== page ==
Constables’ corner: Constables’ duties vary, but evictions top the list | Community orientation

I’m the constable serving all of Ahwatukee as well as parts of Tempe and Guadalupe. I serve Kyrene’s post of justice with Justice of the Peace Sharron Sauls.

Constables are elected peace officers who enforce civil/criminal court orders arising from legal action, as well as other courts and government agencies. We sign subpoenas, subpoenas, protective orders, notices, harassment injunctions, writs of restitution (evictions), warrants, and more.

The tasks we are most often given are the writ of restitution (an eviction order), subpoenas and protective orders.

During this series of columns, I will mainly refer to evictions, as this is the bulk of the orders coming from the Kyrene Court of Justice. I can receive more than 50 or more per week. I also receive many summonses from many courts as well as protective orders.

There are many reasons for eviction, such as non-payment of rent, health and safety, threatening behavior, and protective orders forcing a party out of their home.

Each scenario is as diverse as the individuals I meet.

The tenant has already evacuated a significant percentage of evictions. I arrive and the unit is empty.

These evictions are unfortunate and unnecessary as the tenant could have avoided eviction had they just returned the keys to management and relinquished possession of the property. Judgment would stand, but eviction would be avoided.

A judgment can be paid at any time; an eviction stays with a person for seven long years. Anyone who finds themselves in this troubled situation should return the keys. If there is one important thing I could insist on, it would be this.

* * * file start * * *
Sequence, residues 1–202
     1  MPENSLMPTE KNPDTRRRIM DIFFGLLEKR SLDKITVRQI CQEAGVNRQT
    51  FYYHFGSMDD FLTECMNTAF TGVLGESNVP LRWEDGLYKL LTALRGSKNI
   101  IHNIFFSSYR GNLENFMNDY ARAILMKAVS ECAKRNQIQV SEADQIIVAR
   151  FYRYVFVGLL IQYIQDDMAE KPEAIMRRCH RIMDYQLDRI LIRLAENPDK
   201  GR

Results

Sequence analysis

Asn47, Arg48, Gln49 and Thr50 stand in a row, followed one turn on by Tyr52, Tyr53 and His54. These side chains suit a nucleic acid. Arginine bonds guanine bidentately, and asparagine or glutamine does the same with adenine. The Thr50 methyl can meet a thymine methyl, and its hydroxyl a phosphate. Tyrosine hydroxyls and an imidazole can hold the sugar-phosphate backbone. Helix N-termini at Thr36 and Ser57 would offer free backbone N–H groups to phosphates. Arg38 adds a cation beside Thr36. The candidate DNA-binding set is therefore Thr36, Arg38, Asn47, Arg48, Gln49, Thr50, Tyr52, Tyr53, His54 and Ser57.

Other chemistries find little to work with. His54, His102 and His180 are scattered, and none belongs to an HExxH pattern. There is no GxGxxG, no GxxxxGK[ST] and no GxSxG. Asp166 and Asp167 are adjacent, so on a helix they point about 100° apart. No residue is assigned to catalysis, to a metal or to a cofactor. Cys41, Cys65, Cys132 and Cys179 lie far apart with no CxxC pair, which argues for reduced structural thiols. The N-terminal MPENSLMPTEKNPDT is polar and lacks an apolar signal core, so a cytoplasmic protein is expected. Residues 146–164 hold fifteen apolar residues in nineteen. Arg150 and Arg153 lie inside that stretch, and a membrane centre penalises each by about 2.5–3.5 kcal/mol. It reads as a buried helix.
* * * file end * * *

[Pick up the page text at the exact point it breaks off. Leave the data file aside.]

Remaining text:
Many evictions show signs of people still living in the house, but not home when I arrive with the housekeeping staff to enforce the writ and change the locks. These situations are undoubtedly stressful for tenants. When they return home, the key does not work and they have to contact the management of the establishment to gain access to their belongings.

If the office is closed for the day, they have to wait until the next day. I am very aware of pets that get caught up in the eviction process. I always document the presence of pets and make sure they have food and water. I also confirm that management is aware and that animal control is called within 24 hours if the renter has not returned to pick them up.

The toughest evictions happen when the tenant is at home. Even more difficult with children, pets and no car. Children and pets are the double whammy, as both are innocent victims in a situation that threatens their very safety. I work with property management in these situations to find a win-win solution. I always have resources available to tenants and will call the case management of the cities concerned according to the conditions.

In my next column, I will discuss evictions for health and safety reasons as well as evictions that come with protective orders. As we go along, I will include different situations that I have encountered as a Constable.

I will be at the Nosh at Warner Road and 48th Street at 9 a.m. on September 3 and at 9 a.m. on September 10 at the Brick Road Coffee at Rural Road and US 60. I will also have Save Our School petitions to sign.

About Michael C. Lovelace

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